US probing Autopilot problems on 765,000 Tesla vehicles

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This July 8, 2018, file photo shows Tesla 2018 Model 3 sedans sitting on display outside a Tesla showroom in Littleton, Colorado. The U.S. government has opened a formal investigation into Tesla’s Autopilot partially automated driving system, saying it has trouble spotting parked emergency vehicles. The National Highway Traffic Safety Administration announced the action Monday, Aug. 16, in a posting on its website. (AP Photo/David Zalubowsi, File)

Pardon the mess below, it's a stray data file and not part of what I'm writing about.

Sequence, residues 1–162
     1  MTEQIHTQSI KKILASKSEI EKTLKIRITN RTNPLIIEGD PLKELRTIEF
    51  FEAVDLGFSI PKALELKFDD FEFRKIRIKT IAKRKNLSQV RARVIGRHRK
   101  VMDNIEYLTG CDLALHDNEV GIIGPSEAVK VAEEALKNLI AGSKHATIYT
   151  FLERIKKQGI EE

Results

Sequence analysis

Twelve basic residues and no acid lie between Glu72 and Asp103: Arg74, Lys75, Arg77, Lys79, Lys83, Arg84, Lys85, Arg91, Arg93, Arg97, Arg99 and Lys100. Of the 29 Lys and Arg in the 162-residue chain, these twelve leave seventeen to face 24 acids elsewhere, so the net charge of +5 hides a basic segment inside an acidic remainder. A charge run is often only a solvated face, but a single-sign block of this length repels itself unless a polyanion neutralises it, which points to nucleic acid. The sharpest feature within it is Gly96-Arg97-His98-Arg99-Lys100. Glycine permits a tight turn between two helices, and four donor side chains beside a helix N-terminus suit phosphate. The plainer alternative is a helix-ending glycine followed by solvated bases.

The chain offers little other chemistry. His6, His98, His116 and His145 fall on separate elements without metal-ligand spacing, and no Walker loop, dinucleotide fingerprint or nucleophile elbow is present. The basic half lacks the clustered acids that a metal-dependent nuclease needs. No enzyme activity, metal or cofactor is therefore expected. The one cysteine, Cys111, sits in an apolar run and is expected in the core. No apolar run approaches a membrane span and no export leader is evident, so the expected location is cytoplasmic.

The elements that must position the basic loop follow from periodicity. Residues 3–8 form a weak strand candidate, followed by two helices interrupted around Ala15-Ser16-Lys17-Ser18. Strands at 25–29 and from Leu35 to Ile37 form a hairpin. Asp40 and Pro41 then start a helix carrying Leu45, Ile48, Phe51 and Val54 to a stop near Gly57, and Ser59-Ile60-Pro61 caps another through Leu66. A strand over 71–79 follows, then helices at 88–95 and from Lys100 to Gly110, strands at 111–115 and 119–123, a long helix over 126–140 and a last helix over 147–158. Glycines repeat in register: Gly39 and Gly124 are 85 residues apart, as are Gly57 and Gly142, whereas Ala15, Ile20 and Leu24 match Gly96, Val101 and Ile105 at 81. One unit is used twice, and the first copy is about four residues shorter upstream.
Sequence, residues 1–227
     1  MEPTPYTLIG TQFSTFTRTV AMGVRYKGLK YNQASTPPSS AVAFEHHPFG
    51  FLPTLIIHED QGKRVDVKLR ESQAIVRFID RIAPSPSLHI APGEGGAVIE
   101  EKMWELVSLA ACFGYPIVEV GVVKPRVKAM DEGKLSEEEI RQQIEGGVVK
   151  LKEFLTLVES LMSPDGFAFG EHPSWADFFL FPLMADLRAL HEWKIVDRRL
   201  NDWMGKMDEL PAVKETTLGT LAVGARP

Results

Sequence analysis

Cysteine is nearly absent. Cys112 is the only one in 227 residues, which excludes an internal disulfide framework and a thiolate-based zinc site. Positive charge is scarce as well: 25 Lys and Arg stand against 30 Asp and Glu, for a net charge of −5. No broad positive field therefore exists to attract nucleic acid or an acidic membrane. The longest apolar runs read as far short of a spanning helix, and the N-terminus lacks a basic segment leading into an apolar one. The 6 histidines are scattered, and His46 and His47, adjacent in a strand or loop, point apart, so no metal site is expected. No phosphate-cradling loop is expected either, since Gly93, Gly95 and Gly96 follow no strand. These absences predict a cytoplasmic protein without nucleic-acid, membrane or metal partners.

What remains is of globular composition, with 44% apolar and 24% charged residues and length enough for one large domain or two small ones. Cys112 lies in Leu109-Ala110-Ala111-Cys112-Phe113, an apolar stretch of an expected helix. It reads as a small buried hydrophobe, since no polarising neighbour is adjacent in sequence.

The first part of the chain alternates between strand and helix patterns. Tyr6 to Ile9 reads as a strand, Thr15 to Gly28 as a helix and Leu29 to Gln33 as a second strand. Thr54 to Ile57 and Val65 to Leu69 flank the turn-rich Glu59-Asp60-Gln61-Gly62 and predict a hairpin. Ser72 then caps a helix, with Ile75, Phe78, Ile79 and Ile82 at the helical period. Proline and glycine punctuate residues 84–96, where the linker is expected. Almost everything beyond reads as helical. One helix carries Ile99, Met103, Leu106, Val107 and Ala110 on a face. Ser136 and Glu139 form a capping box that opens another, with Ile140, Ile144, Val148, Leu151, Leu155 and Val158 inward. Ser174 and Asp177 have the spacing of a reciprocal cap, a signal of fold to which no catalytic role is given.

Tom Krisher The Associated Press DETROIT (AP) – The U.S. government has opened a formal investigation into Tesla’s Autopilot partially automated driving system after a series of collisions with parked emergency vehicles. The investigation covers 765,000 vehicles, almost everything that Tesla has sold in the U.S. since the start of the 2014 model year. Of the crashes identified by the National Highway Traffic Safety Administration as part of the probe, 17 people were injured and one was killed. NHTSA says it has identified 11 crashes since 2018 in which Teslas on Autopilot or Traffic Aware Cruise Control have hit vehicles at scenes where first responders have used flashing lights, flares, an illuminated arrow board or cones warning of hazards. The agency announced the action
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